“Why the heck have you brought this up? Take you fellow trads and lick
    your wounds elsewhere; I’d rather stick to the topic at hand.”

    I bought this up here because in case you didn’t notice the comments section got shut down on the actual original attack piece blog. Seems the natives started getting a little bit fed up at being compared to violent far right extremists (can’t think why?) so instead of editing the blog or apologising or heck, just letting people defend themselves, Mr Oddie just shut down all right of reply. Naturally i felt compelled to comment on it even if others like johnhenry believe such dictatorial smearing is unremarkable. I am a mere peasant Catholic that clearly has not learnt my place yet……fortunately there are always people around who will help put me in my place. Thank you again johnhenry, such a hero…..

  • johnhenry

    I appreciate you stepping up to the plate, BC. Mr. Banmeagain (who seems to think he’s the only one who’s tough enough to survive being banned) wouldn’t know about the several times you and I have locked horns over the past 4+ years, but still have always managed to treat each other with respect and goodwill. Remember the time I posted a picture of a rusting hulk on the banks of the Aral Sea and told people that was your summer dacha? No? Well, never mind :)

  • guestguy

    I didn’t call you a peasant Catholic, nor did I imply I am higher than you, but it seems immature to hijack this blog.

  • Annie

    “Be it done unto me according to Thy will.”

    I think men can emulate that too.

  • johnhenry

    I can’t speak for you, guestguy, but Banmeagain, the “mere peasant Catholic” (his words) really ought to defer to those of us who are indeed his betters. IMHO :)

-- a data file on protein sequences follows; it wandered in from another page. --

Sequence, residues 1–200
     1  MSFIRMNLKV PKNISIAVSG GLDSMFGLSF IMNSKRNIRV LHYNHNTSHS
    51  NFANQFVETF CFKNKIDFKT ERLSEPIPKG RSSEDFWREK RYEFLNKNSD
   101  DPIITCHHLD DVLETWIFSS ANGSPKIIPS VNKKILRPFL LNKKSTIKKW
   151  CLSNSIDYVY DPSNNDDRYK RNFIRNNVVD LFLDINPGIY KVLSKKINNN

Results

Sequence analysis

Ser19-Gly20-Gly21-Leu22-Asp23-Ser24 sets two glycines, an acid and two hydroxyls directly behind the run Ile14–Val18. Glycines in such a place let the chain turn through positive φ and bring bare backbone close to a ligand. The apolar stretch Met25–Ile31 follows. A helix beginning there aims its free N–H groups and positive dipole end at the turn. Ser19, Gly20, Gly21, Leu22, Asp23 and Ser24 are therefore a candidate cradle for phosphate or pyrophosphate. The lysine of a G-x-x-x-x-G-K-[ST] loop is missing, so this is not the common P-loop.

• Micha_Elyi

    I performed a rudimentary Bing search of the New Oxford Review site and your phrase “Jesus had two mommies” popped right up. A bit more rudimentary rummaging around Bing’s results revealed this

    from their September 2002 issue. This appears to be what ignited the hot words against Dr. Hahn. Unfortunately, what is available outside the NOR paywall neither fully quotes Dr. Hahn’s remarks that offended the NOR poohbahs nor honestly puts them in context. (I will charitably suppose the reason is the paywall rather than any malicious intent of the authors.) But what is available seems sufficient for one to judge the whole controversy to be a tempest in a teapot – to the shame of the NOR.

  • Henri

    The Catholic Herald should cease all comments. Look at the rubbish posted so far. It’s typical, it’s ridiculous, and it detracts from a fine essay.

  • johnhenry

    Thank you, Micha_Elyi, for confirming that I do not suffer from “Old-Timer’s Disease”, since according to your research it seems I was recalling a piece about Hahn that I read more than 10 years ago (johnhenry, you rule!), although I didn’t think it was quite that old.